Clause 70 reads :
Arbitration : All disputes, between the parties to the Contract (other than those for which the decision of the C.WE. or any other person is by the Contract expressed to be final and conclusive) shall, after written notice by either party to the contract to the other of them be referred to the sole arbitration of an Engineer Officer to be appointed by the authority mentioned in the tender Documents.
4. In support of the contention that the dispute in question did not fall within the scope of Clause 70 of the argreement, it was urged that the contract entered into by the appellant was with the President of India and that the damage, if any, caused to the air-craft was to the property of the Air Force and hence the same cannot be considered as causing any loss to the property of the Union Government. This is an untenable contention. The Government is the owner of the air-craft in question. The armed forces of this country do not form a separate legal entity. The army is only one of the many departments of the Government Hence the damage to the air-craft has resulted in loss to the Government of India.
5. The second contention advanced on behalf of the appellant is that the damages in question was not caused while carrying out the terms of the contract and therefore the same does not fall within Clause 48(c). This contention again cannot be accepted From the facts set out above, about which there is no dispute, damage to the aircraft was caused while implementing the terms of the contract. We are clear in our opinion that the claim made by the Government falls within the scope of Clause 48(c) and as there is a dispute between the parties about the sustainability of that claim as well as to the quantum of the loss caused, the dispute falls within the scope of Clause (70). This conclusion disposes of the first contention.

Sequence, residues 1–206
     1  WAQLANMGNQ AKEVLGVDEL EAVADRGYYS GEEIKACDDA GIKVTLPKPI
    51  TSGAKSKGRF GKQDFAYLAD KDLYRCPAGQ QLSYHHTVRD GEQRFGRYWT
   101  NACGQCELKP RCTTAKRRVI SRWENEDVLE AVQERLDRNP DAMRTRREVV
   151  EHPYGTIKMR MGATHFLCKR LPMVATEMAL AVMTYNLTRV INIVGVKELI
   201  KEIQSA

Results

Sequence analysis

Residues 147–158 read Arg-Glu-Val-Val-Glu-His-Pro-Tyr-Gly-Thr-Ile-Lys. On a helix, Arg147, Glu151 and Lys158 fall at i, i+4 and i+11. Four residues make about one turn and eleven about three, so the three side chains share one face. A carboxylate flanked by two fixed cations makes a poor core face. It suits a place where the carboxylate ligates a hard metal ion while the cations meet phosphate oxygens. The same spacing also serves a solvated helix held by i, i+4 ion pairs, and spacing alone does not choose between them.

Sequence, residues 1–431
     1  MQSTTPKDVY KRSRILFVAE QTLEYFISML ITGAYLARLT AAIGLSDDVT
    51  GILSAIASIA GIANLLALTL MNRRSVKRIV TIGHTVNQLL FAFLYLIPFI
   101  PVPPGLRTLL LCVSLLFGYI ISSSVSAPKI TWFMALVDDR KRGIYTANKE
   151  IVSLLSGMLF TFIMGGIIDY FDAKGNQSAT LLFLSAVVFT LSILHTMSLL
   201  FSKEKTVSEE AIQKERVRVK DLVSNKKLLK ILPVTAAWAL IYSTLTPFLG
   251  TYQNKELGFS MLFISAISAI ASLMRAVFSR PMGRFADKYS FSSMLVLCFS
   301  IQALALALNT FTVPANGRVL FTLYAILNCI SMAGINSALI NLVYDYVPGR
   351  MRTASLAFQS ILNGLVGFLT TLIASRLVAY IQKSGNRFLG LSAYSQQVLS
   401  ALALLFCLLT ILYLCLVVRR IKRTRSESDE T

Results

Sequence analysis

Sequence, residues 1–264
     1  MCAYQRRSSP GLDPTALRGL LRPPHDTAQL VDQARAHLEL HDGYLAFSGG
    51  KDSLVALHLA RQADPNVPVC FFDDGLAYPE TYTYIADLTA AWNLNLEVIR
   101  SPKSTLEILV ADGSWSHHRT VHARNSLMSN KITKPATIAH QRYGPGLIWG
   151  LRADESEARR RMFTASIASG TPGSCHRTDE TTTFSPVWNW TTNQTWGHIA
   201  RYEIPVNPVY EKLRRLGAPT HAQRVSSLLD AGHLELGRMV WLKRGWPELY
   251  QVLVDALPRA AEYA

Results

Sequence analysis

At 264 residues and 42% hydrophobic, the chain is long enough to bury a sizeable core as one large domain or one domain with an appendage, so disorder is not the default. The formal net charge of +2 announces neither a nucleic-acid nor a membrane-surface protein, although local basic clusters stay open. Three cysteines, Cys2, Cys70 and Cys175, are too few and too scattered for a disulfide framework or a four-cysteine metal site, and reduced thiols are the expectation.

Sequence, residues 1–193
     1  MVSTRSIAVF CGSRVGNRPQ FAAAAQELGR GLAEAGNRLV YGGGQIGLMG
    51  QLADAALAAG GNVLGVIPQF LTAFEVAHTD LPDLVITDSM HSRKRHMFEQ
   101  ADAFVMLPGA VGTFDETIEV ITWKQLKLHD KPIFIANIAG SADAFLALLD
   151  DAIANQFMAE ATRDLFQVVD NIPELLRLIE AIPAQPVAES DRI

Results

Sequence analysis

6. Turning now to the second contention, in our opinion, the application Under Section 5 of the Arbitration Act, 1940 was a misconceived application. The controversy in this case is whether the dispute in question is covered by the terras of the agreement. In other words the dispute is as to the existence of an agreement to refer disputes of the type with which we are concerned in this case, to arbitration. That being so, the case fell within the scope of Section 33 of the Arbitration Act and not Section 5. In view of the erroneous conclusion of the trial Court that the Air Force is a legal entity different from the Union Government, it proceeded to take the view that the dispute in question is not covered by Clause 48(c) and hence did not come within the scope of Clause (70). The trial Court was under the erroneous impression that the controversy before it fell within the scope of Section 5 of the Arbitration Act. We do not know what its conclusion would have been if it had taken the correct view of the law. The facts disclosed in the application did not confer jurisdiction upon it Under Section 5. It did not consider the application Under Section 33. Hence in our opinion it illegally exercised its jurisdiction Under Section 5. Under those circumstances the High Court was right in converting the appeal into a revision.
7. For the reasons mentioned above this appeal fails and the same is dismissed with costs.